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And The Good News Is . . .
by Dana Perino

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Daughter of Fortune
by Isabel Allende

Book list From Booklist, Copyright © American Library Association. Used with permission. 9780060194918 The latest novel by one of the most internationally appreciated writers draws on two of the environments about which Allende knows much: Chile, her native land, and California, where she currently resides. Allende proves she has learned history well and that she knows characters instinctively as she reaches back into both Chile's and California's past to construct a story of family conflict, romantic love, and true adventure, all these threads spun into a fine, even beautiful, narrative of admirable force. Her tale begins in an intriguing milieu: that of the British colony in the Chilean city of Valparaiso (for which, of course, Allende has a wonderful feel) at the middle of the nineteenth century. A year and a half after Rose and Jeremy Sommers, sister and brother (the latter in the import-export business), arrived at the Chilean port city, they took in an orphan left at their doorstep; and little Eliza is raised with privilege, with the hopes of her making a smart marriage. But, as one might have predicted, Eliza falls for a young man much lower on the social scale than she; and when he goes popping off to California to partake of the gold rush there, Eliza, left pregnant, decides to steal away to follow him. En route she meets her soulmate, a Chinese herbalist called Tao Chi'en; and learning from both his and her own experiences in the California goldfields, Eliza grows up quickly, gaining an incredible reserve of strength and character. --Brad Hooper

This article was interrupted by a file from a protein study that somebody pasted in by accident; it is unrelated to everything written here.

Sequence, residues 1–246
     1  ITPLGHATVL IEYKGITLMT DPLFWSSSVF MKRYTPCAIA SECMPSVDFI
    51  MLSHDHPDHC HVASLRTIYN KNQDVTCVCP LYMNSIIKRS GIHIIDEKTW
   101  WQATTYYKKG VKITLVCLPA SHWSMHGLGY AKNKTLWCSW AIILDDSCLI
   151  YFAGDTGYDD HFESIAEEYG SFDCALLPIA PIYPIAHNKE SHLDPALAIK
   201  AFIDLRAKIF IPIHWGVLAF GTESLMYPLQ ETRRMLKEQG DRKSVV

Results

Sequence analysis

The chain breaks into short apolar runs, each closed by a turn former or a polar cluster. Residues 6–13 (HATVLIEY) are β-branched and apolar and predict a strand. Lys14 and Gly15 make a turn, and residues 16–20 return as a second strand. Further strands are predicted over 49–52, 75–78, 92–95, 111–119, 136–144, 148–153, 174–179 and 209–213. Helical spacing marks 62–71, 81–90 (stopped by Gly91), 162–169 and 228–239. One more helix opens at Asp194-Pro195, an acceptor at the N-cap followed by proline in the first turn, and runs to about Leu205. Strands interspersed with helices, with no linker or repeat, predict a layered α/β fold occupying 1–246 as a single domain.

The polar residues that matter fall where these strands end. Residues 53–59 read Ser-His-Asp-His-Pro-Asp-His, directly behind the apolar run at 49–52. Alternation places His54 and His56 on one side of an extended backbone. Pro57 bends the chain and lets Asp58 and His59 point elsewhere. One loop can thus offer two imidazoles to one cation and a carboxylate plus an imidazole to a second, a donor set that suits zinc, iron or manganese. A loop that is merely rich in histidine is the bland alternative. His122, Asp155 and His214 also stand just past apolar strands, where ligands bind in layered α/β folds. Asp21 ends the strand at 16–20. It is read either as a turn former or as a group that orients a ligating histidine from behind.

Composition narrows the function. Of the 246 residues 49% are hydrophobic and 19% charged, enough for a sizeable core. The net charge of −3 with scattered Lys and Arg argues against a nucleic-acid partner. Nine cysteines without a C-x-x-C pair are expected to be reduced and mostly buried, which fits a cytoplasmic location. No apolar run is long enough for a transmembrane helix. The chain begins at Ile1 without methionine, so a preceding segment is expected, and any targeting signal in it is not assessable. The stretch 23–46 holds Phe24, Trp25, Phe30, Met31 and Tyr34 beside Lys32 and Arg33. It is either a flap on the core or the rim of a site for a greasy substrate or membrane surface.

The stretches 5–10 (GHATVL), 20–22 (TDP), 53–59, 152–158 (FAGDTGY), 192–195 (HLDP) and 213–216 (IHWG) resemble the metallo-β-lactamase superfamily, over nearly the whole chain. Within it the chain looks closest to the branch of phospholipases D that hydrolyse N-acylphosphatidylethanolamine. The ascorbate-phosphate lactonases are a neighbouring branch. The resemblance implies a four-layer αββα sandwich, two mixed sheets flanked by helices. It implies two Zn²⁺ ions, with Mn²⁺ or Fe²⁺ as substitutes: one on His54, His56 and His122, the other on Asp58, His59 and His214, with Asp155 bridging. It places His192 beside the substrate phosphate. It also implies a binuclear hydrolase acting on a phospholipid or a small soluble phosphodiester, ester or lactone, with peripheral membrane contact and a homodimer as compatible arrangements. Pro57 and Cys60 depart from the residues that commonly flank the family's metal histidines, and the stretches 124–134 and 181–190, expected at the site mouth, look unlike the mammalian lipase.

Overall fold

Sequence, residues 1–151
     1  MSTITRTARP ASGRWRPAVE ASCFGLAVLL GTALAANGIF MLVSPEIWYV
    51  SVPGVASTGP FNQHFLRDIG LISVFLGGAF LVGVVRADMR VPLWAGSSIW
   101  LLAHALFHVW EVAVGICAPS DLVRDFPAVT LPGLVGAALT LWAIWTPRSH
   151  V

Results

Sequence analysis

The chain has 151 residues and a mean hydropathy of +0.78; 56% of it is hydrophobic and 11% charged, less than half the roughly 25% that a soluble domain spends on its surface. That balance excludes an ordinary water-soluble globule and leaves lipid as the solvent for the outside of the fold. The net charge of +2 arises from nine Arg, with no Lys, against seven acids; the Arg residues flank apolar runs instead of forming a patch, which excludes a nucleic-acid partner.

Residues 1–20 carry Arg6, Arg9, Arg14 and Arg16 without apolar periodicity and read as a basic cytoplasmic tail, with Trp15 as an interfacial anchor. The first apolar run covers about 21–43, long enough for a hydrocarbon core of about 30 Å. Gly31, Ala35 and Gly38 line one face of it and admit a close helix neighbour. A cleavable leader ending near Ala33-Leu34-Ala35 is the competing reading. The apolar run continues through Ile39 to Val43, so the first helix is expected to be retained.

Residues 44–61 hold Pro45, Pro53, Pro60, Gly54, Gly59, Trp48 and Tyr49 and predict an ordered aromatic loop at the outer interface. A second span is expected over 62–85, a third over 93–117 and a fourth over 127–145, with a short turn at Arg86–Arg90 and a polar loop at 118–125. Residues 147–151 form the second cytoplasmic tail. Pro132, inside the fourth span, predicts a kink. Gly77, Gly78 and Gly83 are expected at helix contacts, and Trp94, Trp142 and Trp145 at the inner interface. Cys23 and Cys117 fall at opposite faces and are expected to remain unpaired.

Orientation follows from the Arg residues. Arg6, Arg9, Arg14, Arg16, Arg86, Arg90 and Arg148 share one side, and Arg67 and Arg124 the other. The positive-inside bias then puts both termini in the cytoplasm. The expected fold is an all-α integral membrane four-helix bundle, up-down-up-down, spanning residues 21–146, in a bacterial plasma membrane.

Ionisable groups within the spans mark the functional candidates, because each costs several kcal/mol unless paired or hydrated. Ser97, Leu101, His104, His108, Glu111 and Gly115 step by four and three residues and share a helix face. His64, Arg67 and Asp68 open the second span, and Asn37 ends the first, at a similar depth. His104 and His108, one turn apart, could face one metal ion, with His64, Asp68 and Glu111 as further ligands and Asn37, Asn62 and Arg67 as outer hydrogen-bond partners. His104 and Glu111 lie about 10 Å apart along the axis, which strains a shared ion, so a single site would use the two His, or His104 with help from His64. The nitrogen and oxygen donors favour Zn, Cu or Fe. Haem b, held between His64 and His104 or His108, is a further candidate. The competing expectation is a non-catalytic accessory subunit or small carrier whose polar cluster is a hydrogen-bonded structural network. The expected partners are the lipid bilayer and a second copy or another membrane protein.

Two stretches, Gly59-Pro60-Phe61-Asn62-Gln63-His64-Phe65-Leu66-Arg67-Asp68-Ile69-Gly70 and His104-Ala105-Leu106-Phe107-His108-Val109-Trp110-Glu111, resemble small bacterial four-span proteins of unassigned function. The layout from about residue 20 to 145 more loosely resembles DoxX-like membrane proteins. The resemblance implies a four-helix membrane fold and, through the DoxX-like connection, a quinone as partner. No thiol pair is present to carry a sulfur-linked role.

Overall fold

Publishers Weekly Copyright © Reed Business Information, a division of Reed Elsevier Inc. All rights reserved. 9780060194918 Allende expands her geographical boundaries in this sprawling, engrossing historical novel flavored by four culturesÄEnglish, Chilean, Chinese and AmericanÄand set during the 1849 California Gold Rush. The alluring tale begins in Valpara¡so, Chile, with young Eliza Sommers, who was left as a baby on the doorstep of wealthy British importers Miss Rose Sommers and her prim brother, Jeremy. Now a 16-year-old, and newly pregnant, Eliza decides to follow her lover, fiery clerk Joaqu¡n Andieta, when he leaves for California to make his fortune in the gold rush. Enlisting the unlikely aid of Tao Chi'en, a Chinese shipboard cook, she stows away on a ship bound for San Francisco. Tao Chi'en's own storyÄrichly textured and expansively toldÄbegins when he is born into a peasant family and sold into slavery, where it is his good fortune to be trained as a master of acupuncture. Years later, while tending to a sailor in colonial Hong Kong, he is shanghaied and forced into service at sea. During the voyage with Eliza, Tao nurses her through a miscarriage. When they disembark, Eliza is disguised as a boy, and she spends the next four years in male attire so she may travel freely and safely. Eliza's search for Joaqu¡n (rumored to have become an outlaw) is disappointing, but through an eye-opening stint as a pianist in a traveling brothel and through her charged friendship with Tao, now a sought-after healer and champion of enslaved Chinese prostitutes, Eliza finds freedom, fulfillment and maturity. Effortlessly weaving in historical background, Allende (House of the Spirits; Paula) evokes in pungent prose the great melting pot of early California and the colorful societies of Valpara¡so and Canton. A gallery of secondary characters, developed early on, prove pivotal to the plot. In a book of this scope, the narrative is inevitably top-heavy in spots, and the plot wears thin toward the end, but this is storytelling at its most seductive, a brash historical adventure. Major ad/promo; BOMC dual main selection; 11-city author tour. (Oct.) FYI: This book will also be released in a HarperLibros Spanish edition, Hija del la Fortuna (ISBN 0-06-019492-8). Copyright 1999 Cahners Business Information.